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Art Pick of the week: Hollywood Indian after Remington

Check out this week’s Art Pick, Hollywood Indian after Remington by Fritz Scholder.

Fritz Scholder. Hollywood Indian after Remington

Fritz Scholder. Hollywood Indian after Remington, 1974. Acrylic on canvas, 203.2 x 173 cm. Gift of Gallery Moos, 1975. © Estate of Fritz Scholder 75/59

In North America, the image of Indigenous people in art, entertainment and media has been shaped over the years by different entities – some empowering, many damaging. The subject of much controversy, Fritz Scholder’s bold and nuanced take on the Indigenous experience serves as a powerful reminder that identity is complex – as highlighted in our Art Pick of the week, Hollywood Indian after Remington.  

As part of Scholder’s series Indian, this vibrant orange/red acrylic-on-canvas painting (located on Level 2 in the J.S. McLean Centre for Indigenous & Canadian Art, Gallery 235) tackles the classically romanticized image of a so-called Indian warrior on horseback. This stereotype was largely championed by American artist Fredric Remington, and later typecast as the cowboys and Indians motif of early American westerns. In Hollywood Indian after Remington, Scholder reimagines a more surreal version of this image, conceptualizing the contours of the horse and rider, as they materialize, floating in negative space. His expressionist interpretation of this common stereotype is offered as a replacement, taking back authorship of a wrongfully told, overly-romanticized story.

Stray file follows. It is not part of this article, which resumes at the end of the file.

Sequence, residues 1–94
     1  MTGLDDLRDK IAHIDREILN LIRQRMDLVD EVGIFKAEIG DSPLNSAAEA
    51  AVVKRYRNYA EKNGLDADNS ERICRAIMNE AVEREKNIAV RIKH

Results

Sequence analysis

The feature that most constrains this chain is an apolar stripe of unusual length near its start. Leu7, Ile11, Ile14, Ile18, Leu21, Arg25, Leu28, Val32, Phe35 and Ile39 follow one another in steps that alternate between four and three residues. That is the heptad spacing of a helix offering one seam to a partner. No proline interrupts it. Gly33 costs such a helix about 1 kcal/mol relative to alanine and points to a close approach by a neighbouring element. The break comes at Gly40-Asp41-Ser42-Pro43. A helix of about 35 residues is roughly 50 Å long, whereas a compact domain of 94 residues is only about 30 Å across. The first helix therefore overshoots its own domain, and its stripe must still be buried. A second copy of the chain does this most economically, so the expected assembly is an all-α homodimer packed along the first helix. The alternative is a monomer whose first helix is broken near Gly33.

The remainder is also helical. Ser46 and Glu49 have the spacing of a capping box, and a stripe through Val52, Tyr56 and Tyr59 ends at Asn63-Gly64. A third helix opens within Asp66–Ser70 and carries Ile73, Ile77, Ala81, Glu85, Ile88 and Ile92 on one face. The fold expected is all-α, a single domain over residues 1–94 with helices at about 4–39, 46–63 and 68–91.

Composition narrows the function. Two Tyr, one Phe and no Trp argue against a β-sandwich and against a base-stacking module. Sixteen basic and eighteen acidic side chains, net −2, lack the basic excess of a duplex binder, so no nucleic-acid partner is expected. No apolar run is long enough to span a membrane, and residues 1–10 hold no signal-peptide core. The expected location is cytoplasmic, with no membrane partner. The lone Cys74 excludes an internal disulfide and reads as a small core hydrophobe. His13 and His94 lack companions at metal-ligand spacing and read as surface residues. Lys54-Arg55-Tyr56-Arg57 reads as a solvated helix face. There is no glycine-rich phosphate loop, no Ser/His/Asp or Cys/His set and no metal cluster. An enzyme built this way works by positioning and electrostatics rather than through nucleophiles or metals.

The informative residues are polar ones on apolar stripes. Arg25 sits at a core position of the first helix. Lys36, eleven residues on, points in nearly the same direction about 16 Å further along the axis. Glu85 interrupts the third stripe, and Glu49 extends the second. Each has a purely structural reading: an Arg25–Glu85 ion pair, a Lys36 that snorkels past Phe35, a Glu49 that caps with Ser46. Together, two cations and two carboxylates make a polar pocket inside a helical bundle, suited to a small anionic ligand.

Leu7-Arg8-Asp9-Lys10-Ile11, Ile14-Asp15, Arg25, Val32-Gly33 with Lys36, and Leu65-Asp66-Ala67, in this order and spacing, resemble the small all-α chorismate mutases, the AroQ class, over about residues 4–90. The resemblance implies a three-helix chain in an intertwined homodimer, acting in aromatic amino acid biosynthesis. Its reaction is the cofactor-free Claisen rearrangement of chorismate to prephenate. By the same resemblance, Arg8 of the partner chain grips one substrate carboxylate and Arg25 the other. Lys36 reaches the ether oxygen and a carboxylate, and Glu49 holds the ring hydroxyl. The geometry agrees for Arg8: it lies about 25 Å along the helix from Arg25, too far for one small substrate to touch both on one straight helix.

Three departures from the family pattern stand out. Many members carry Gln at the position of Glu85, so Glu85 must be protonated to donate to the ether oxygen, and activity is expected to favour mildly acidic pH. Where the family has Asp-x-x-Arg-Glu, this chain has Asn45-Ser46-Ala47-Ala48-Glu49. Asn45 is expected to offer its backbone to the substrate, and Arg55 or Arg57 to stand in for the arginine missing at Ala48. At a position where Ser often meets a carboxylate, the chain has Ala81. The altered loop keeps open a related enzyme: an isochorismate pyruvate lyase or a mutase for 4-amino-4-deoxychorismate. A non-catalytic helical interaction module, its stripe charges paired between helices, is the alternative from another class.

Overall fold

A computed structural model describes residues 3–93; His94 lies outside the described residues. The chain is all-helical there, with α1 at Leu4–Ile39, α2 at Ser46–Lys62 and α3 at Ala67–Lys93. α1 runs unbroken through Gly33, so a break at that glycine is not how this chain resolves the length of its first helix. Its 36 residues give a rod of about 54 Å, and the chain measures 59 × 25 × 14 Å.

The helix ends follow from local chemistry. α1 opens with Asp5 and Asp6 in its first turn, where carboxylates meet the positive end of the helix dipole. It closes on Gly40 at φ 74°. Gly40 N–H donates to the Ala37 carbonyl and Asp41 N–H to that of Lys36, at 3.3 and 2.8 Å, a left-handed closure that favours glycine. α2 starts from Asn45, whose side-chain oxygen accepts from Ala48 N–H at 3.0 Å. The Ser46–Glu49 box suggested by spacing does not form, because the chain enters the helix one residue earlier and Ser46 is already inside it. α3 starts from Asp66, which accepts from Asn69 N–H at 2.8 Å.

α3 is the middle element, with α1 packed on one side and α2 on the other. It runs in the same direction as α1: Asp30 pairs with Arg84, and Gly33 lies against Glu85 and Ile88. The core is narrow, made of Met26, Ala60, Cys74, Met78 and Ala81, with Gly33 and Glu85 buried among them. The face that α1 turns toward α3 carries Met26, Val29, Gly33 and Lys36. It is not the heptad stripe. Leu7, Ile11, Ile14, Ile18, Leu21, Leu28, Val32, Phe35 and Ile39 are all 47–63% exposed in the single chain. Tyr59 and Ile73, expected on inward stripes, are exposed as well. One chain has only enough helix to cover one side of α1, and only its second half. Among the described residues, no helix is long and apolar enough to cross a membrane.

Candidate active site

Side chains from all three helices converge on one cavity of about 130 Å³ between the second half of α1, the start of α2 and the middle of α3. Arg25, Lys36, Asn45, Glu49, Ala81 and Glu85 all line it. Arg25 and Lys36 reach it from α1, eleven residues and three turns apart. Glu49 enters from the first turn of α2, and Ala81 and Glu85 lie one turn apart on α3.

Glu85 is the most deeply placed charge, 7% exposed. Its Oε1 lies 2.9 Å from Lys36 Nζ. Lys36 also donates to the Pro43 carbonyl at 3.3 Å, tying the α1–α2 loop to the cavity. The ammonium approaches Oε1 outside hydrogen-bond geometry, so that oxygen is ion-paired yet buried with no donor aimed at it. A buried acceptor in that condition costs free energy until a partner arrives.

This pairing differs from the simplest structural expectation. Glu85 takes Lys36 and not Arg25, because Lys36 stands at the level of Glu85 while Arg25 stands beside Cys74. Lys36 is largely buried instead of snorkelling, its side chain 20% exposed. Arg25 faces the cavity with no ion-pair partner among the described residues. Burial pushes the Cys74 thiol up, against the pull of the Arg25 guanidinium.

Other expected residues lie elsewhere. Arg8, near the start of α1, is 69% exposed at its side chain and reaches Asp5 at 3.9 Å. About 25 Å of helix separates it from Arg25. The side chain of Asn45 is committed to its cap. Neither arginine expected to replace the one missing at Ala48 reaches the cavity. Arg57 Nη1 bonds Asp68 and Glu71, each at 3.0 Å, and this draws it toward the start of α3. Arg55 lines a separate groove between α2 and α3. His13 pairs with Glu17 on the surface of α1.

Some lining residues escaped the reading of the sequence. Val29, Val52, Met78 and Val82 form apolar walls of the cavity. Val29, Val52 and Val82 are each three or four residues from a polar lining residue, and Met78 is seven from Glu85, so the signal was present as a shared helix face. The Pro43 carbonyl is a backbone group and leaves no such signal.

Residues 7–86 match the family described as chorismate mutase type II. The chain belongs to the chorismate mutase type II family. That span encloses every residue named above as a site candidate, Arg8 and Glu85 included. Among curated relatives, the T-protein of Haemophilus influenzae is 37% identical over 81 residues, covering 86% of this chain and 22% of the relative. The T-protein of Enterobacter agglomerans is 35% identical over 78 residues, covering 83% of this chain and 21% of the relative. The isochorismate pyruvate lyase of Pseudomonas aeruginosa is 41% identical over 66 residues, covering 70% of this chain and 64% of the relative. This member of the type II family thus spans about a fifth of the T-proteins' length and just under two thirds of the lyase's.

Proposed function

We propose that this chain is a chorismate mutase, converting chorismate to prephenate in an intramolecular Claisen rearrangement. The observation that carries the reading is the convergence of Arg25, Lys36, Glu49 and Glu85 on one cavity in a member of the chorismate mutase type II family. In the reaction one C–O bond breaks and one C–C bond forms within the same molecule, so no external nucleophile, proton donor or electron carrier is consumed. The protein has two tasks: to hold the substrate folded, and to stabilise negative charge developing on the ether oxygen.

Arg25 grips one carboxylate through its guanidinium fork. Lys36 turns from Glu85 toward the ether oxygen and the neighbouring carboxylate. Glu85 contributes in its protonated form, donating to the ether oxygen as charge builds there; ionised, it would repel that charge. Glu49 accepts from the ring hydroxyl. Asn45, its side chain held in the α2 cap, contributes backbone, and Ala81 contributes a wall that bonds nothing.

Born in 1937 in Breckenridge Minnesota, Fritz Scholder led a successful career full of critical acclaim for his body of diverse, influential works – primarily paintings, but also including lithographs, photographs, sculpture and books. Though his paternal grandmother was a member of the Luiseño tribe of Mission Indians, Scholder never considered himself Indigenous. Many believe this unique insider/outsider lens contributed to his subversive take on Indigenous people in contemporary America.

Works like Mad Indian No.3  and Indian at Gallup Bus Depot tackle the ripple effect of European colonization on Indigenous culture, while also offering an abstract, expressionist touch. “I’m interested in someone reacting to the work, and I don’t much care if they react negatively or positively, as long as they react. I felt it to be a compliment when I was told that I had destroyed the traditional style of Indian art”, said Scholder.

Such powerful sentiments echo loud and clear through Scholder’s pivotal and innovative work.

Stay tuned for next week’s Art Pick.

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